Much of the equipment we use to provide water is located beneath the ground, and it can be difficult for customers to determine what equipment is their responsibility and what equipment is Aqua’s responsibility. The following descriptions explain the facilities and equipment used to provide water service from the company’s water main to your property. The diagrams below detail the homeowner's and Aqua's responsibility.
- Company Service Line. Owned and maintained by the company, this service line extends from the water main to the curb stop or curb line.
- Curb Stop. Owned and maintained by the company, the curb stop is a valve that can be opened and closed to control the supply of water to the property.
- Meter. Owned and installed by the company, this device is used to measure water consumption at the customer’s property. Although the meter is owned by the company, the customer is responsible for providing an adequate location for the meter, making it accessible and assuring that it is protected from damage, including damage caused by freezing.
- Customer Service Line. Owned and maintained by the customer, this service line extends from the curb stop or curb line to the building.
- Meter Pit. Owned and maintained by the customer, this structure is constructed by, or for, the customer to house the water meter outside of the customer’s home at an underground location. Customers are responsible for keeping the pit visible and for all the plumbing within the pit. The illustration shows a meter in the home, so the meter pit is not shown.
- Pressure Reducing Valve (PRV). Owned, installed and maintained by the customer, this device is designed to reduce water pressure within the customer’s home if the pressure of the company’s distribution system exceeds a certain threshold set by the plumbing code (typically 60 pounds per square inch). Installing a PRV might increase the life of internal plumbing fixtures and piping. A plumber can verify the pressure in your home and determine whether a PRV should be installed as part of your household plumbing.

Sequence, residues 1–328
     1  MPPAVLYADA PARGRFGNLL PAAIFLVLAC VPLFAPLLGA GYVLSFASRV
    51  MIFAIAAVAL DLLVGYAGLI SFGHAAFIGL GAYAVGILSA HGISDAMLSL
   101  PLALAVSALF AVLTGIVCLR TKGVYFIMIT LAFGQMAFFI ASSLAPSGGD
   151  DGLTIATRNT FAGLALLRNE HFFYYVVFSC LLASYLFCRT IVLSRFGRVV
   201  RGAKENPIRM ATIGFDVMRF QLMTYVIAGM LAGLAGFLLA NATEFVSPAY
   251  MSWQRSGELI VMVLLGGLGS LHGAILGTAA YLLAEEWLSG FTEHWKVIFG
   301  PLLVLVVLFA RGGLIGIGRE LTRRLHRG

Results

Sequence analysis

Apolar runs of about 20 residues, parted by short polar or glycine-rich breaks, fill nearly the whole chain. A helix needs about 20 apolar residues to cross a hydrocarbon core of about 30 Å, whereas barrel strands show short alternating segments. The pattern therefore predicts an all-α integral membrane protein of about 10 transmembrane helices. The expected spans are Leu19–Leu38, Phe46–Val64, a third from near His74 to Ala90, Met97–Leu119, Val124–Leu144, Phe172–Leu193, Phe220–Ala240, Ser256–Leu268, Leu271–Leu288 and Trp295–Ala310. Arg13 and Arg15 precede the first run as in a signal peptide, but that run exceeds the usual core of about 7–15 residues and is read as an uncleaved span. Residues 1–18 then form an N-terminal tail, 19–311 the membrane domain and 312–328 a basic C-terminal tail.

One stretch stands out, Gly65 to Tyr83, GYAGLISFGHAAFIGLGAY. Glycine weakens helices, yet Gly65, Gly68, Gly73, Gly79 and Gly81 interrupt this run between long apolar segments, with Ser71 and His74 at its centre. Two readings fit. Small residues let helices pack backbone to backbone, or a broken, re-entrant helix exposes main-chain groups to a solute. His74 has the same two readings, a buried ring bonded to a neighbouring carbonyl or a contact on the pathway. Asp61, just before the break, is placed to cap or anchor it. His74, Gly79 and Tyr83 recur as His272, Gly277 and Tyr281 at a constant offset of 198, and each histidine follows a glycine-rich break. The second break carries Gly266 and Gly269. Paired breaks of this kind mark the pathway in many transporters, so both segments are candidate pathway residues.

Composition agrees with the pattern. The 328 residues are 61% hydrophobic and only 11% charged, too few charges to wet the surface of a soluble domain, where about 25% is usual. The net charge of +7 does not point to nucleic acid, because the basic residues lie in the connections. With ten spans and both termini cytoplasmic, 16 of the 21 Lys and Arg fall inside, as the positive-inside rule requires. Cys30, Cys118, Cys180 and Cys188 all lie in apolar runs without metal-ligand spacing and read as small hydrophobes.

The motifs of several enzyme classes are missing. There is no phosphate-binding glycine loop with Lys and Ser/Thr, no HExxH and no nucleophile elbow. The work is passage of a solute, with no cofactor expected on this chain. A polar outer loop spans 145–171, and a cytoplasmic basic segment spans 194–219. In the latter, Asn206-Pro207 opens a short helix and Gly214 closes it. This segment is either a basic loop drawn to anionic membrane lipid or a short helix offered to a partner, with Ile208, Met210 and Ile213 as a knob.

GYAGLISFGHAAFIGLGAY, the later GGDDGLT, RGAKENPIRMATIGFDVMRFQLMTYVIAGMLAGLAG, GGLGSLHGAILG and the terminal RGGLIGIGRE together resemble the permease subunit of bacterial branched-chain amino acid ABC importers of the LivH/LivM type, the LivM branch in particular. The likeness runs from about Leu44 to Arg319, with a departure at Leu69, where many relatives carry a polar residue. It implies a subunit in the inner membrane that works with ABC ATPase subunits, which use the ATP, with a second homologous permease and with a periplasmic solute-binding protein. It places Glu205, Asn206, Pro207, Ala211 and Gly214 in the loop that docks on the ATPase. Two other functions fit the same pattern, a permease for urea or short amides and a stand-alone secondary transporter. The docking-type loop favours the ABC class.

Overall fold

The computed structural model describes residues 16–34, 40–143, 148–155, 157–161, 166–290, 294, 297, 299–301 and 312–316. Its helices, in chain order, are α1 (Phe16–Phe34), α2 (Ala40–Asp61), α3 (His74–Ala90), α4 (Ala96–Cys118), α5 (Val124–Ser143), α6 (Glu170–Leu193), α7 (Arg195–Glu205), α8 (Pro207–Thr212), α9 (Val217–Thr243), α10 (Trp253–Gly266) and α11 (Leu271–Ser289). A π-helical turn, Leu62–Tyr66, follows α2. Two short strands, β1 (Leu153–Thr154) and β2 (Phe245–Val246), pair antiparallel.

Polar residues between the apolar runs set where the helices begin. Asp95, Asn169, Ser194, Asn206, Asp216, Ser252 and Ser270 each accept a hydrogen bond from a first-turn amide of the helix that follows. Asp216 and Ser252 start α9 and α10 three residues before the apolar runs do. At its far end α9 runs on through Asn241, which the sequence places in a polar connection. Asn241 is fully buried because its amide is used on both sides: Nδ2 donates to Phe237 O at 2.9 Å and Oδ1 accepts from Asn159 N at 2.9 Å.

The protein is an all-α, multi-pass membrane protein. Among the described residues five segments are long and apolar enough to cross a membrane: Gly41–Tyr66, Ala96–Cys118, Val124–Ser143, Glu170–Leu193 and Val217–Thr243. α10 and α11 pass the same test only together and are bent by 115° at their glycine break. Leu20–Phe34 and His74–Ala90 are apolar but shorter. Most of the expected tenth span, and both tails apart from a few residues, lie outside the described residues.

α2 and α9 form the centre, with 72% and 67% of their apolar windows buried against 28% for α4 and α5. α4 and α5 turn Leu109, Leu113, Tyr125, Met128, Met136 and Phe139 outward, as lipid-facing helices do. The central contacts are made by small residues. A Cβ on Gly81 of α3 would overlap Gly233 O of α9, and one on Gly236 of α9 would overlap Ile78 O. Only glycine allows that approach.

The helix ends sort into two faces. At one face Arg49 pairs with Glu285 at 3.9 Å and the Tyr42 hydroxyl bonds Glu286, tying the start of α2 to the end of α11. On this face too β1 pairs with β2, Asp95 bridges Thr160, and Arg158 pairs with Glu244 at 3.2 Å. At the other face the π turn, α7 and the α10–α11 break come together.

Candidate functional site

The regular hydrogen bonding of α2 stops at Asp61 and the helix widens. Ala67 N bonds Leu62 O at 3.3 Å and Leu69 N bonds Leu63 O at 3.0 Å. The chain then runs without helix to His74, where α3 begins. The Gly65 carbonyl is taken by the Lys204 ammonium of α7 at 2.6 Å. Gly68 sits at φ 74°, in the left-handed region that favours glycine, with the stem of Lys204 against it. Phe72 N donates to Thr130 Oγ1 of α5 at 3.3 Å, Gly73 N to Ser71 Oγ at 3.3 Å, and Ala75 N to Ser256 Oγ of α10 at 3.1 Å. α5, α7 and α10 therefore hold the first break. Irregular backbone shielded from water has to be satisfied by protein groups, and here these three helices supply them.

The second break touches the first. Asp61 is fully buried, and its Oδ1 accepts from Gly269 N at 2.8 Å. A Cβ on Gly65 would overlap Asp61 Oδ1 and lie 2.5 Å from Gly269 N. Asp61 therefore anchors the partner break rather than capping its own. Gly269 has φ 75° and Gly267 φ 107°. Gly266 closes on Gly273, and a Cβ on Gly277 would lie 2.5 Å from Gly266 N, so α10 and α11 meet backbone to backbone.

A cross-connection is a point in plumbing systems where drinking water might come in contact with, and be contaminated by, hazardous materials — solid, liquid or gas.
If you leave a hose in non-potable (not fit for drinking) water such as soapy or pool water, you could contaminate your drinking water. For example, if the pressure in the water main feeding your property drops while your hose is submerged in non-potable water, the non-potable water could be sucked back into your pipes or into Aqua’s distribution main.
The Safe Water Drinking Act requires that backflow protection devices be installed on all non-potable water services.
Here are some plumbing tips to help you avoid backflow:
- Install backflow-prevention devices on threaded faucets in your home, especially outdoor hose faucets. Inexpensive backflow preventers, like hose connection vacuum breakers, can be found at many local plumbing supply stores.
- Keep the ends of hoses clear of any possible contaminants. Never leave a hose in a sink, bucket, drain or tub. Also, keep water levels in such items below faucets and inlet valves.
- Don’t use spray-device attachments that contain chemicals, such as weed killers, on your hose without a backflow prevention device.